NU Online News Service, Dec. 9, 2003, 8:33 p.m. EST – Four large public pension systems say they will seek to elect their own directors to the board of Marsh & McLennan Companies Inc., New York, as a result of revelations about trading activities at a Marsh subsidiary, Putnam Investments.[@@]
Marsh called the pension systems’ announcement, which compared the Putnam situation with another corporate scandal, “outrageous.”
The four pension systems are the pension plan at the American Federation of State, County and Municipal Employees, Washington; the California Public Employees’ Retirement System and the California State Teachers’ Retirement System, both based in Sacramento, Calif.; and the New York State Common Retirement Fund, Albany, N.Y.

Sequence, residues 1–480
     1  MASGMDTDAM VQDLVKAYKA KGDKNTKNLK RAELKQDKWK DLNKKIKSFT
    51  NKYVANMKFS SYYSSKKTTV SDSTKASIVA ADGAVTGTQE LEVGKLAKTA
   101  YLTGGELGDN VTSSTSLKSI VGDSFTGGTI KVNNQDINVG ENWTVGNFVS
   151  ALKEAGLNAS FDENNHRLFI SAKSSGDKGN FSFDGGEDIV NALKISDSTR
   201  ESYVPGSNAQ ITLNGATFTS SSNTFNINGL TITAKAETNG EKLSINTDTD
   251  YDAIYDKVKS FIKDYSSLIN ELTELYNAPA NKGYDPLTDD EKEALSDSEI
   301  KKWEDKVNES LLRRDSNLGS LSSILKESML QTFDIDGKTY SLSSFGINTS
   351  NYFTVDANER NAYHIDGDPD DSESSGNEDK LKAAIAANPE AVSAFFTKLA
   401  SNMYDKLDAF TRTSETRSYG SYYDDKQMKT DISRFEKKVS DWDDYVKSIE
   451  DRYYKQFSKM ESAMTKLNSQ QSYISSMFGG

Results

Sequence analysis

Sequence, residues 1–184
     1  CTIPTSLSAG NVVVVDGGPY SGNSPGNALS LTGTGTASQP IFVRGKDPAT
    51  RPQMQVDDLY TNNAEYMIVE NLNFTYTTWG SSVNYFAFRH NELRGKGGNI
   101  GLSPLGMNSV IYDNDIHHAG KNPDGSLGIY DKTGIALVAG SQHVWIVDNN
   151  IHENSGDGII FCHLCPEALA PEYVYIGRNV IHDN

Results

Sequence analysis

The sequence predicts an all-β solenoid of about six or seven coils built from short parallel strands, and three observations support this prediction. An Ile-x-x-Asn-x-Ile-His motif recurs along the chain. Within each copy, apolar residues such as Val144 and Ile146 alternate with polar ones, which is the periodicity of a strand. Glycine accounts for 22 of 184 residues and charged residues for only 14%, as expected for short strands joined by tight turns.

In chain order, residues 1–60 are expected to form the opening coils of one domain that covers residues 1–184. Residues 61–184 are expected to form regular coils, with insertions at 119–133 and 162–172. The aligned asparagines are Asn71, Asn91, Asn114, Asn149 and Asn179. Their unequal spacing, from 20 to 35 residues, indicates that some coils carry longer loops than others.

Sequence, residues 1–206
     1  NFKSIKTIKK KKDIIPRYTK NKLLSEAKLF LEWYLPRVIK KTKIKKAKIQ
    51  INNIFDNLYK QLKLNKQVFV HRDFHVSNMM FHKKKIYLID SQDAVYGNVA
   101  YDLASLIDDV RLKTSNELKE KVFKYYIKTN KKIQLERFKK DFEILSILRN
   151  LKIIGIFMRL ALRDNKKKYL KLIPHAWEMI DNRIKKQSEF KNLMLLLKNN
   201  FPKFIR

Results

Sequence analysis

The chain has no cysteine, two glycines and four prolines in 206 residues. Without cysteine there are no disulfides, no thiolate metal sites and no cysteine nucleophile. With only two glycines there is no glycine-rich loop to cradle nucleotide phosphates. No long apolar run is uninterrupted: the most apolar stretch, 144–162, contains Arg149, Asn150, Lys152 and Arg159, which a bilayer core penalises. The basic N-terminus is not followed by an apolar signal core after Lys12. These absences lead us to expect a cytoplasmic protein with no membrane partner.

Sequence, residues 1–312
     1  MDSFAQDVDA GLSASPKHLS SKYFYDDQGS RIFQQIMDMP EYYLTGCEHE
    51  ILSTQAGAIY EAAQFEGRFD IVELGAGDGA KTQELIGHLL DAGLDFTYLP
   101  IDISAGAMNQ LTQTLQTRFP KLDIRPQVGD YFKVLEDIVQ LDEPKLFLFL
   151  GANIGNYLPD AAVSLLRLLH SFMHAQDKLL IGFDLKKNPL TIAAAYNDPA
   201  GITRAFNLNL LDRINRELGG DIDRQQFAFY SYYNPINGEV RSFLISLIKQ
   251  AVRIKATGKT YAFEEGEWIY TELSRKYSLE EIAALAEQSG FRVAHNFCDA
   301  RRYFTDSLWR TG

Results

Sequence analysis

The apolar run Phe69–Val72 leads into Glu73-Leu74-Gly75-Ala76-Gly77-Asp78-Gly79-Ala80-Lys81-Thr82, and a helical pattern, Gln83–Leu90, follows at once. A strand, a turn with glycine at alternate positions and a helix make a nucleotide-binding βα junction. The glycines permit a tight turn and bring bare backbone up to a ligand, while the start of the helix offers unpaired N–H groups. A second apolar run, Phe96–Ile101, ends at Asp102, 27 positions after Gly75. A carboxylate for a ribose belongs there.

The systems say they will present a shareholder proposal to allow the groups to nominate and elect directors to the Marsh board.
The systems say they hold 6.85 million shares of Marsh stock, or about 1.3%, of the company’s stock. The shares are worth $306 million.
The systems are responding to allegations that Putnam let some investors trade mutual funds after hours, giving them an advantage over most other investors. After the allegations surfaced, Marsh replaced Lawrence Lasser as Putnam’s president.
“Marsh & McLennan deserves to be the first company in U.S. history to face a binding proxy access proposal because of its gross failure to have proper controls that could have prevented the Putnam disaster,” Gerald McEntee, chairman of the AFSCME pension plan, says in a statement included in the pension systems’ announcement.